As a regime type, postcolonial Africa’s tradition of absolute presidentialism was constitutionally installed in the 1960s – the first decade of African independence. It was the centerpiece of a series of constitutional and legislative changes introduced by postcolonial Africa’s new leaders soon after the dust of decolonization had settled. One-party rule, elimination of sub-national or quasi-federal structures, curtailment of judicial independence, subjection of the civil service to party control, and suppression of civil and political rights were some of the other legal and political changes that accompanied and, in many ways, propped up absolute presidentialism in the early years after independence. The prevalence in postcolonial Africa of this form of rule, in which practically every state institution is subordinated to the dictates of the president, has been largely responsible for the popularity among Africanist scholars of neo-patrimonial and other personalistic theories and accounts of politics and political phenomena in Africa (See H Kwasi Prempeh ‘Constitutional Autochthony and the Invention and Survival of “Absolute Presidentialism” in Postcolonial Africa’ in Günter Frankenberg (ed.) Order from Transfer: Comparative Constitutional Design and Legal Culture (Edward Elgar Publishing, Cheltenham, 2013)).
Beginning with the first post-independence government under Jomo Kenyatta, the politics of Kenya has been characterized by executive supremacy. This phenomenon, reached its height during Daniel Arap Moi‘s rule. Notably, parliament completely yielded to presidential initiative not only in matters of legislation but in virtually every area of public policy. Even where legislative decision-making was shared nominally with parliament, legislative initiative and agenda -setting, as well as bill drafting and amending powers, remained primarily the executive branch’s preserve. Rule by presidential diktat, often in the form of “directives” or “press releases” issued from the seat of the presidency, became a common mode of governing in post-colonial Kenya.
The quest for a new constitutional set up in Kenya was supposed to deal and tame this phenomenon of hyper-presidentialism. As has been pointed out by Joel Barkan, the institutional features necessary to balance power between the executive and legislature include: separating the legislature as an independent branch of government; a fixed term (no possibility of dissolution); absence of executive power to suspend the legislature; the possibility of passing legislation without assent of the president or overruling a presidential veto; powers to require testimony by the executive; the possibility for the legislature to set its own budget, to recruit and maintain its own staff; strengthening the legislature’s role in preparing the national budget; the management of constituency development funds and the manner of election. (See Joel Barkan, ‘Legislatures on the Rise?’Journal of Democracy Vol. 19, No. 2 (2008): 124). It was expected that the 2010 Constitution would embody these features identified by Barkan.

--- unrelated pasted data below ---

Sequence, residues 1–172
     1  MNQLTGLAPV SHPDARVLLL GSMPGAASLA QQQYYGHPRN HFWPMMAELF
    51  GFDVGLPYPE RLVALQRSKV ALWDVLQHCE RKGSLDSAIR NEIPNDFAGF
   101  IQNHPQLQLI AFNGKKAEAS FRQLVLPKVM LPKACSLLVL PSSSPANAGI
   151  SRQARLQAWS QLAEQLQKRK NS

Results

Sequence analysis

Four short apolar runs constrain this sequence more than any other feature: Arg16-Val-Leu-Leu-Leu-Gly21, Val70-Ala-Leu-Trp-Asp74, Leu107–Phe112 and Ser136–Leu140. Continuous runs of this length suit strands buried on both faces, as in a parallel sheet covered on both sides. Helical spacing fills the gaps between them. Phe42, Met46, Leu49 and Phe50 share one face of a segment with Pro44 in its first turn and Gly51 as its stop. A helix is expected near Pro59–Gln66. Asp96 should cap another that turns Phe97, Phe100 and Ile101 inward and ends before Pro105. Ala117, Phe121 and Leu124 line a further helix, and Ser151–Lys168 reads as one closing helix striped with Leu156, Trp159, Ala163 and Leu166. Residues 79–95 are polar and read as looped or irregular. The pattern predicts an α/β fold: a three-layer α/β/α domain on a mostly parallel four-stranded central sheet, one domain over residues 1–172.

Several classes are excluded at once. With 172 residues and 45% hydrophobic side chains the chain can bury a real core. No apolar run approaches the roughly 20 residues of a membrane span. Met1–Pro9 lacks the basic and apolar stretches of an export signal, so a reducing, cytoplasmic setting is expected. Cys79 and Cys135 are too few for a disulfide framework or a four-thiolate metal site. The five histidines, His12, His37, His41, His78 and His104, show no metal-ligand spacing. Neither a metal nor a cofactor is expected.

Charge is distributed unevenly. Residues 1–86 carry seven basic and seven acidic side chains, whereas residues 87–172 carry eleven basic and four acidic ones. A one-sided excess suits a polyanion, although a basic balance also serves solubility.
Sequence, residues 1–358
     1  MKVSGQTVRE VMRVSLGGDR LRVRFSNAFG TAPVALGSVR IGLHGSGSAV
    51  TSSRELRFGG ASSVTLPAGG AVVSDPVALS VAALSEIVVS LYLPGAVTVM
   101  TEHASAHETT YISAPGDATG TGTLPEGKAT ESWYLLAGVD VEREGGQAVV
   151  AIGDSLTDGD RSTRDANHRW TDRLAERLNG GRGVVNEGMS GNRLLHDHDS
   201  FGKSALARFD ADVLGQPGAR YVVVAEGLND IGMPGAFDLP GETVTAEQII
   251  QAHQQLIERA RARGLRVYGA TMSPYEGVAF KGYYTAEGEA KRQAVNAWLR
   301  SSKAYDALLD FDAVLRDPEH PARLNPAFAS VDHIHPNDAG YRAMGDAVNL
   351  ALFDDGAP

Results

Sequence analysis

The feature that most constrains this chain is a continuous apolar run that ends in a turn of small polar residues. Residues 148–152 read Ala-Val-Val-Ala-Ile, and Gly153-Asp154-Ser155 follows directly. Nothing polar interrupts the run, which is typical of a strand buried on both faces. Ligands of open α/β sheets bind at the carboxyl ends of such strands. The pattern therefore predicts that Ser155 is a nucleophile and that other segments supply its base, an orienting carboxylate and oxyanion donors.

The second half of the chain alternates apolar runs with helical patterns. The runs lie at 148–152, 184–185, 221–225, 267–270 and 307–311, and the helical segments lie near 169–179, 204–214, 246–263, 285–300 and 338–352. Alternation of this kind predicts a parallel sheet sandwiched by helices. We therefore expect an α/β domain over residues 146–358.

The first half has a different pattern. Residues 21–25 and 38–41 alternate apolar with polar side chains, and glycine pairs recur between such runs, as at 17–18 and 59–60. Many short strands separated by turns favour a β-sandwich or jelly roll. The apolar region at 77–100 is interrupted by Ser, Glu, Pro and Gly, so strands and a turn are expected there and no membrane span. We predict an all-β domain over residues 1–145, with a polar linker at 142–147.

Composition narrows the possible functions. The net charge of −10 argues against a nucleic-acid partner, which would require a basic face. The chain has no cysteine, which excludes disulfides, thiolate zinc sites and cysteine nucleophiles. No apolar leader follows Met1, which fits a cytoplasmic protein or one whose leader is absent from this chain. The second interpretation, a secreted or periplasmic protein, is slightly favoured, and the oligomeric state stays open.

Article 115 of the 2010 Constitution thus raises the question of whether Kenyans failed in this quest, this is so because even though the presidency has been democratized and term-limited, the substantive power of the president has not been tamed or diminished with respect to legislative powers. Article 115 and its interpretation by the Speaker of the National Assembly and the High Court as retaining a hyper-presidential power seems to be a vindication of Thandika Mkandawire’s quip in ‘Crisis Management and the Making of ― Choiceless Democracies’ that: “Democratic states that are built on the ruins of authoritarian rule often retain some of the previous state’s institutions, which linger on due to social inertia and structural rigidities.”
It is noteworthy that article 115 as interpreted by the Speaker J.B. Muturi and the High Court implies a ruler with powers and prerogatives that are not subject to meaningful or credible institutional checks or restraint within the constitutional system. With the requirement that the President’s Memorandum can only be overridden with a super majority in the legislature, the actual use of parliamentary powers to amend bills or to exercise countervailing powers against the President becomes in effect only a theoretical option. Thus despite the drama that attended the end of the authoritarian pre-2010 era, in August 2010 was not quite the revolutionary moment it might have appeared to be; there was much less of a rupture or break with the pre-2010 practice than is commonly assumed. On the contrary, there are remarkable continuities, including, crucially, in the exercise of the Presidential powers vis a vis the legislative branch. In short, article 115 seems to imply that there is no legislative check on the legislative wishes of the President under Kenya’s 2010 Constitution.